In all honesty, I don’t think the solution to having Latino theatre in Houston is for these professional theaters to produce it. Especially since the ticket prices for some of these professional theaters definitely limit who is able to attend a production.
If Latino theatre is going to thrive in Houston, I believe it has to be homegrown. It has to be made by people who are committed to telling stories that Houston’s Latino community and the theatre community are actually interested in. It doesn’t even need to be in a traditional theater. And it doesn’t have to be a full season. It can one show a year. That’s another lesson we learned as a performance troupe—less is more.
I also think in order for Latino theatre to thrive in Houston it also needs to be original and meaningful. This is not easy but it’s still possible.
And the exciting thing is that the people who can make it happen are already there.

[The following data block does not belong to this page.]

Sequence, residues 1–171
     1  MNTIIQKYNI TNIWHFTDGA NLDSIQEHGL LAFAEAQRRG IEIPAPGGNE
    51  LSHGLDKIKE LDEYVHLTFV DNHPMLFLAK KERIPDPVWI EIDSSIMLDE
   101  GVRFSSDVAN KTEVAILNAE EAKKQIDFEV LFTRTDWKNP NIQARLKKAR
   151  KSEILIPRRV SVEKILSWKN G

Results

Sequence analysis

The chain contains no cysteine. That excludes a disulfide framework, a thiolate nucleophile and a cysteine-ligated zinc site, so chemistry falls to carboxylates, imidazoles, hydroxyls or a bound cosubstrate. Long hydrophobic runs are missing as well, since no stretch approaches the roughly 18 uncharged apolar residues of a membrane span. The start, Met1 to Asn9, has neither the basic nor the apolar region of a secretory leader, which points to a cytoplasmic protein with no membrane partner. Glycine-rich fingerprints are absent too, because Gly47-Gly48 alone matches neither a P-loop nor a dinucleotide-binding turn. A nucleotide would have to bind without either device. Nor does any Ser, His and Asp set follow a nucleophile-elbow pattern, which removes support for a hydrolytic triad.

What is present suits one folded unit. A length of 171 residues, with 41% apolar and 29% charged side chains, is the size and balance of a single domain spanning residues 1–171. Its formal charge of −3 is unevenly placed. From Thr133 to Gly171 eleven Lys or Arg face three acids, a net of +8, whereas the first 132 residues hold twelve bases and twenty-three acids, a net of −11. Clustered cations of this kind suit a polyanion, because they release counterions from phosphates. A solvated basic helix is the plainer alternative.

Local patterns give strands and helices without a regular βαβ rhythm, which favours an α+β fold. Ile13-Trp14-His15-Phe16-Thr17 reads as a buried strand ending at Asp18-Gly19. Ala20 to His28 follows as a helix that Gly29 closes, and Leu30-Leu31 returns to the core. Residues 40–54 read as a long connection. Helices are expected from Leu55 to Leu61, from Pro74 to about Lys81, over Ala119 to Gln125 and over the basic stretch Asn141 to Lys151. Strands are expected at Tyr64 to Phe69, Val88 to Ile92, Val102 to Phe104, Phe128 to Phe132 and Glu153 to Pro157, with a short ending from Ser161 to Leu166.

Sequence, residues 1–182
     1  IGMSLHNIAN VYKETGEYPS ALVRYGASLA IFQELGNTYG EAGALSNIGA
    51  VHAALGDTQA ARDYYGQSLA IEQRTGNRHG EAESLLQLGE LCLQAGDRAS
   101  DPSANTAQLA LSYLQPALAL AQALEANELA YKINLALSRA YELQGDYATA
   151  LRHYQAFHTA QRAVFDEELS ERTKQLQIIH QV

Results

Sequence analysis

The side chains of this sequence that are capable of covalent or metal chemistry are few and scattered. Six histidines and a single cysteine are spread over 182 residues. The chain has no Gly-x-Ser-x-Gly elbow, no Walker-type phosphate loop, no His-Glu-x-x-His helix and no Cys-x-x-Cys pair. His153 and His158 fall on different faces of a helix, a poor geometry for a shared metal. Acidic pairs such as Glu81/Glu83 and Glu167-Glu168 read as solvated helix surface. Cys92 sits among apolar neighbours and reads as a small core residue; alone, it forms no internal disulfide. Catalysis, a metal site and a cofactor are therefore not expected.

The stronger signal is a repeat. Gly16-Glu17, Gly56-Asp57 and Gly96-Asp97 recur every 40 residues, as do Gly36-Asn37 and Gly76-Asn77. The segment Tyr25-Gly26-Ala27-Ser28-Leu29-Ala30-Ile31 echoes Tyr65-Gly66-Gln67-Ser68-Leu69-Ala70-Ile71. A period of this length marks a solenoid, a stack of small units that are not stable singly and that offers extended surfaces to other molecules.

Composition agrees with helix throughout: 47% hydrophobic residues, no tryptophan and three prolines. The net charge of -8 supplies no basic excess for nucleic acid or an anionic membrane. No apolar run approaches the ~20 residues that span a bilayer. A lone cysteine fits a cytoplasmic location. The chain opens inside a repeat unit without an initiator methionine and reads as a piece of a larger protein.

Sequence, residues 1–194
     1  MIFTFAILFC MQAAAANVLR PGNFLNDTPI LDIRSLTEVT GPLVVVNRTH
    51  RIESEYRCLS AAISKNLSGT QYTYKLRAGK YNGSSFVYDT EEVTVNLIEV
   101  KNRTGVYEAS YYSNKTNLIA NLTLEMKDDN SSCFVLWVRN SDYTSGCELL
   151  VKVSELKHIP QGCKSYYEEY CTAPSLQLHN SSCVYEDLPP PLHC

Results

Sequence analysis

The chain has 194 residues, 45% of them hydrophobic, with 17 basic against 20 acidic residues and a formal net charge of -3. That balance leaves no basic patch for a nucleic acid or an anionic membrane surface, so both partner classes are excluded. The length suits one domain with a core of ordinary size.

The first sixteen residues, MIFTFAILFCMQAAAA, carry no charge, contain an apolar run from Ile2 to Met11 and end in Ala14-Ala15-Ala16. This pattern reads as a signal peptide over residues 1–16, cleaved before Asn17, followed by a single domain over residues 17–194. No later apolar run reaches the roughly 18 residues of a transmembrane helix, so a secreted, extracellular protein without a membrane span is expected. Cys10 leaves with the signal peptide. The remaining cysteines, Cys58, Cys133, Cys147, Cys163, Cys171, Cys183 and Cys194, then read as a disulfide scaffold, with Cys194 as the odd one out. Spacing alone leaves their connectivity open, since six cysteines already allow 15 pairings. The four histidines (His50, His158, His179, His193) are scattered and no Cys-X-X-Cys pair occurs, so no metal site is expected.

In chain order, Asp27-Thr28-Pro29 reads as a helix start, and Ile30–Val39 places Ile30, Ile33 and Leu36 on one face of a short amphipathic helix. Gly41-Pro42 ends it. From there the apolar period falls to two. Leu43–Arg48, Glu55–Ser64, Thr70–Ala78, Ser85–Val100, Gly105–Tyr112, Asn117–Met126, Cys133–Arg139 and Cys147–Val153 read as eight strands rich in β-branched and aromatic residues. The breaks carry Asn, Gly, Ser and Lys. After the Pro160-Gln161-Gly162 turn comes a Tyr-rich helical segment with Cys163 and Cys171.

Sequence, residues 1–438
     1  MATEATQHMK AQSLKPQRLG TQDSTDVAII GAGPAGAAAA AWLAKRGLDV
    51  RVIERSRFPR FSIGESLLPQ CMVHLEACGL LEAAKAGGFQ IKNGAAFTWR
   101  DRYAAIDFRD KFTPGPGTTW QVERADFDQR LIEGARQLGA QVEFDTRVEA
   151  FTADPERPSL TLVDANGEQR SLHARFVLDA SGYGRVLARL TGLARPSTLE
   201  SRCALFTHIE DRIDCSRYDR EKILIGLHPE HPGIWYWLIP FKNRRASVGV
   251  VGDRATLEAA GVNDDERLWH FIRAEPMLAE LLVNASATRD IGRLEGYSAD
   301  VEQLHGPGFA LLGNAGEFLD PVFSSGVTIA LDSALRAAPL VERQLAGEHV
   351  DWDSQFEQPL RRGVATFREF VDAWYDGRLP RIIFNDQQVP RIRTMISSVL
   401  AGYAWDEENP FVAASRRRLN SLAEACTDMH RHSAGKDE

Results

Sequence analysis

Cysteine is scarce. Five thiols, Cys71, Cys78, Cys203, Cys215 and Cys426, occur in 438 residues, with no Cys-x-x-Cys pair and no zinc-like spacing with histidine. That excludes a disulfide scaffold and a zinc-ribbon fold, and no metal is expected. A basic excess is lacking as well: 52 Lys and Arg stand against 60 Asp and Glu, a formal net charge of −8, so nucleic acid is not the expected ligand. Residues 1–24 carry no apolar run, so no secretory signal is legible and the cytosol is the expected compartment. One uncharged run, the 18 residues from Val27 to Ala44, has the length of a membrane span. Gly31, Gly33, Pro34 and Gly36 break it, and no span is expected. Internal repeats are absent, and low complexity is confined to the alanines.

Thanks for the startling revelation, Trevor! When one reads Hispanic theater history books, such as the many authored by UH's well-known Nicolas Kanellos, Houston always pops up as an important geographic spot. If we are speaking about Texas, let's take stalk: Marci McMahon can illuminate us about the Rio Grande Valley, San Antonio has Mari Barrera and who else? (gone are the good old days of the Guadalupe Arts Center as a Teatro hub, where the last TENAZ festival took place in 1992, and where I saw one of the first productions of Josefina Lopez's Real Women Have Curves). In Austin, well, Roxanne tells us about that, where Teatro Vivo has been alive and thriving for years thanks to the dedication of Rupert and JoAnn Reyes.